Halapa – A traditional Sri Lankan sweet
How do you feel when your mother enters to the kitchen with an armful of Kenda leaves? You know what’s coming. For sure, it’s delicious Halapa. If you haven’t eaten Halapa, you are not Sri Lankan. It has a unique Sri Lankan taste. What else you want if you have Halapa for afternoon tea. Halapa is awesome.
Shall we taste this 100% Sri Lankan food with afternoon tea today?
- Kithul treacle – 1cup
- Sugar – ½ cup
- Grated Coconut - 2 cups
- Water – ½ cup
- Kurakkan Flour – 500g
- Salt – ½ tsp
- Large Kenda Leaves – 15 – 20 nos
- To make pani pol, put treacle into a pan and heat it on the stove on low heat. Add sugar and cardamom into this. Keep it on the stove on low heat until the sugar is dissolved and become syrup thickness.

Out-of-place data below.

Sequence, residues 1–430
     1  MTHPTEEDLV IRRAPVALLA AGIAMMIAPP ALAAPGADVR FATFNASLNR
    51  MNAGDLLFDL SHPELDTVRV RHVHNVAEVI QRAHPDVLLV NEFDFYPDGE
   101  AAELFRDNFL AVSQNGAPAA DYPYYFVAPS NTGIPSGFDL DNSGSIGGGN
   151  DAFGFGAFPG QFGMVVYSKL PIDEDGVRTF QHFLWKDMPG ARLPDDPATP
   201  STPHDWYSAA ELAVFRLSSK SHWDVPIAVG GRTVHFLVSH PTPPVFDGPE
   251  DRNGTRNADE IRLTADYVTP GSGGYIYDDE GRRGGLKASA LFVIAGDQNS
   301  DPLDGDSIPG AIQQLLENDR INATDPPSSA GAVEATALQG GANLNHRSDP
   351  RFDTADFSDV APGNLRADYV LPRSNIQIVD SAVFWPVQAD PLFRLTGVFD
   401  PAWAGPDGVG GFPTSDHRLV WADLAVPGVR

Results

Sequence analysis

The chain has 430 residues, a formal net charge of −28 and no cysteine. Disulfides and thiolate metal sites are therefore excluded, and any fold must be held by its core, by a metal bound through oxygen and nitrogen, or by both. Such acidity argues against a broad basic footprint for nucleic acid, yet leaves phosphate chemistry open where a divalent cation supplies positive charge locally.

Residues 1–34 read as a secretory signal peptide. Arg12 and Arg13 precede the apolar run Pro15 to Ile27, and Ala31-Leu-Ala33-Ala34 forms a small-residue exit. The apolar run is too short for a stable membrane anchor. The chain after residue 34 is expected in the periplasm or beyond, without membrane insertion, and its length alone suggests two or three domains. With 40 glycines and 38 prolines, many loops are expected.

- Add grated coconut into this treacle and sugar mixture and simmer on low heat and keep until most of the liquid evaporates. Make sure to stir this mixture continuously. Otherwise, the coconut mixture will be burnt. Remove it from heat when it is wet and don’t cook until it’s sticky.
- Mix kurakkan flour and salt together. Add this to the pani pol mixture and mix it well until it gets dough form.
- Wash and dry Kenda leaves. If you cannot find Kenda leaves, use banana leaves or aluminium foil instead. But, it would not give the same taste as Kenda leaves do.
- Take small balls of Halapa mixture and flatten it on one side of Kenda leaf. Fold the leaf from the main vein and close the dough and make it flat more. Repeat this process until all Halapa mixture is over.
- Place them vertically around the wall of the steamer, allowing the steam to be exposed to Halapa from the center.
- Steam for about ½ an hour until the dough forms up.
- Unwrap and enjoy this with a hot cup of tea. A cup of tea without sugar goes very well with this.